INKED! Post-election hangover is a messy affair

The chaos, anger and, ultimately, the sadness so apparent in the afterglow of this election — presidential and otherwise — is far worse than anything that preceded it.

At least when it was ongoing the crazy rhetoric and bile spewed from all ideological ends could be chalked up to the obligatory carnival-barking that occurs when one side is trying to stand apart from the other, when issues are no longer enough and showmanship has to cut through the endless noise.

There were a few occasions when pundits with a pretty good body of work behind them, making a pretty tight case, claimed that the rancor between the Obama and Romney camps and their supporters was decidedly issue-based, and did not veer into attacks on faith and associations and birth rites, among the other personal issues that often rear their ugly heads.

Yet what you have in the aftermath is an unhealthy combination of anger, true intentions and a lack of all pretext and decorum that at least kept some of the nastiness in check, to a degree.

We all wanted the election and the politics of division to go away Wednesday morning, but what we have had — at least through the end of the week thus far — is braggadocio and bitterness, some false pride and some true hate.

These are not new concepts, and the lingering resentments with emotional losses and the chest-thumping that comes with big wins have hung around post-election probably through the history of the democratic process.

But they’ve never had a bigger stage, a more endless, quick-hitting, venomous theatre as they do in 2012, where average Joes and celebrities, media pundits and policy analysts, where authors, artists and auto mechanics can take to Twitter, Facebook or dial in to the clearly partisan 24-hour news networks to have their pain or pompous satisfaction satiated and given an extended life.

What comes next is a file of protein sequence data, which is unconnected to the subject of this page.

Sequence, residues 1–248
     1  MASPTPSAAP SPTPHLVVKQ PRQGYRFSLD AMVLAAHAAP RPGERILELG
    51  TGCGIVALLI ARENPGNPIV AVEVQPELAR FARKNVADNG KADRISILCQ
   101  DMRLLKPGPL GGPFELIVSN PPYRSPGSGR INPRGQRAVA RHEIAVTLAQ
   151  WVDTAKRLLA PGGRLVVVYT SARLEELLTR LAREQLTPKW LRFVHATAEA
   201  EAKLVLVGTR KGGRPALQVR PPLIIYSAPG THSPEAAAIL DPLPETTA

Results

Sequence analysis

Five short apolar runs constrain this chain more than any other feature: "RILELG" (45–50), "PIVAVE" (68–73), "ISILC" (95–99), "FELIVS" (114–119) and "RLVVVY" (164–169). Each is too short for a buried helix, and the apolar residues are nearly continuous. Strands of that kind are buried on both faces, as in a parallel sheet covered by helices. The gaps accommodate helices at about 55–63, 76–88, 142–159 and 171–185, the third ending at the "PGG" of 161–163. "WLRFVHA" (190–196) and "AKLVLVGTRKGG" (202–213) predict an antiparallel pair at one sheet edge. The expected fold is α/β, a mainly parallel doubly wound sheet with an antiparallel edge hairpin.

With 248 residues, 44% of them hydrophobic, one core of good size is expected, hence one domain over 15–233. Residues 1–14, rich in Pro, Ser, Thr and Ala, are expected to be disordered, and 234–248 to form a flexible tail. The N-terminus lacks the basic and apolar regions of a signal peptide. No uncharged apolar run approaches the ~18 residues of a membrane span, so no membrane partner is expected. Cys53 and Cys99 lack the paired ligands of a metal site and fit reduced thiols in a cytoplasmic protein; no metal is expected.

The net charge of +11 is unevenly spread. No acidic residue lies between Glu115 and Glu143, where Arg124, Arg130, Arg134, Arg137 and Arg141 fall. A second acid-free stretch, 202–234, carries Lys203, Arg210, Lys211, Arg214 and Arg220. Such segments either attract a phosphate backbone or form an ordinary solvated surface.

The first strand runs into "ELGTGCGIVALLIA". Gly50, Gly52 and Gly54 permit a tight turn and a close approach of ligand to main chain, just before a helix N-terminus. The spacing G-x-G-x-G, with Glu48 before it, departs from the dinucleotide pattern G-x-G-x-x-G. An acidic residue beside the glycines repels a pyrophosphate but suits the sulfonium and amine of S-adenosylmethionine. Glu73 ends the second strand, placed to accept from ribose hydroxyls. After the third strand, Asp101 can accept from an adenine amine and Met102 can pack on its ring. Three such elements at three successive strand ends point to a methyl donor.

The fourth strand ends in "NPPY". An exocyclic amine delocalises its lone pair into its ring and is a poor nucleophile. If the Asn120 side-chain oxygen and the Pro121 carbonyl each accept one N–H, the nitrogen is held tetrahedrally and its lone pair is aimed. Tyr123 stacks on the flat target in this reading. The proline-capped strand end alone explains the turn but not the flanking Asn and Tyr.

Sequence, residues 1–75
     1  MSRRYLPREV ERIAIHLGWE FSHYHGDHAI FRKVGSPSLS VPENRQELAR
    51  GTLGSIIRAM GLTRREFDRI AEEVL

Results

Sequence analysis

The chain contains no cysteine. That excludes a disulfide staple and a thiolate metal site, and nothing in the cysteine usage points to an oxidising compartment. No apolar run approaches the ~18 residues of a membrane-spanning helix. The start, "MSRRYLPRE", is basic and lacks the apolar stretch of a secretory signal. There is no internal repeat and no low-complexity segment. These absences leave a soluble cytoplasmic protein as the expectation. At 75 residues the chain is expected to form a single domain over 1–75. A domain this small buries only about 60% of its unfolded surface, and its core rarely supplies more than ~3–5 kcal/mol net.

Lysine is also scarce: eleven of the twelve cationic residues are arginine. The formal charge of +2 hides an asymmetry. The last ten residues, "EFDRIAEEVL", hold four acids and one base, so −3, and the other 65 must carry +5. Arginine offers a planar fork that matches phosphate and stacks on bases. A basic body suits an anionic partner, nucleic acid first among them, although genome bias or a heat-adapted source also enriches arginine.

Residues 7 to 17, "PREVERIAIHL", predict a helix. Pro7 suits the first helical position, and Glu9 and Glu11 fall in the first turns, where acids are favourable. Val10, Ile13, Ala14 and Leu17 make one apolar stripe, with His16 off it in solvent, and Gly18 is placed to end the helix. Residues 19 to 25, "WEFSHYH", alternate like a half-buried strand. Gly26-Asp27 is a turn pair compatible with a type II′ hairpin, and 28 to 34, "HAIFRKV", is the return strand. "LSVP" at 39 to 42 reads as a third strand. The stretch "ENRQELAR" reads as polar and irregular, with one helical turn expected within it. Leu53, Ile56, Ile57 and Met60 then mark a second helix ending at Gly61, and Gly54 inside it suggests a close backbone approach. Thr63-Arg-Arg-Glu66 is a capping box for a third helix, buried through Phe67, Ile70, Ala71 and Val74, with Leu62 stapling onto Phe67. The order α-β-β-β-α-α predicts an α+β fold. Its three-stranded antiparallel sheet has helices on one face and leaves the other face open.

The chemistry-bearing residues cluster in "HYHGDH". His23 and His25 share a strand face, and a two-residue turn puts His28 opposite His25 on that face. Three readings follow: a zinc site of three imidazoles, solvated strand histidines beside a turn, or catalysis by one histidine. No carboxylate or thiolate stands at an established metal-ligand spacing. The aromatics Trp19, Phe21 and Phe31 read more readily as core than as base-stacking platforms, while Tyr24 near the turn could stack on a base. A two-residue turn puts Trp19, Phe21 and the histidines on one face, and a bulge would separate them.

It’s been ugly so far, and it has nothing to do with being a Democrat or a Republican. In fact, much of this is just the turning of the worm; Democrats had just as much anger left over after George W. Bush won a second term, as the Republicans have for Obama’s coming second term.

Liberals threatened one-way tickets to an expatriated existence in places like France after Bush took office for his final term. The fact that Republicans, Libertarians and Obama nonbelievers will threaten something similar is not surprising.

The difference has been the vehicle of delivery, the speed and intensity to blast out some serious hate in 140 characters or less with no filter or the ability to walk it back once it’s out there.

Twitter is the worst medium ever, for any type of opinion-based thought, really. Countless celebrity and media personalities have taken the opportunity to weep and cry and mourn for America in the wake of Obama’s re-election.

With the longer-form postings of Facebook, these opinions can be given more weight with added context, or less weight with an apparent lack of knowledge. What Twitter does that’s different is distill everything to some wild-eyed, manic pathway right into a sociopathic brain, or so it seems.

Seek out these post-election tweets, but beware. They’re kind of depressing, and surprising that people would really say this often perverse stuff.

The reality is, much of what I’m referring to is the Obama-bashing. And that’s to be expected, since he just won. Liberals and Democrats would have been doing the same thing if we were awaiting Romney’s move in to the White House. It’s the nature of man, amplified by the technology at our fingertips.

Today we have the worst kind of presidential election hangover possible — there’s the guilt, the resentment, the regret, wondering where we go from here, but there’s the added problem of still being a bit drunk from the night before. We’re drunk tweeting and texting, when we should still be sleeping it off and choosing our initial comments carefully.

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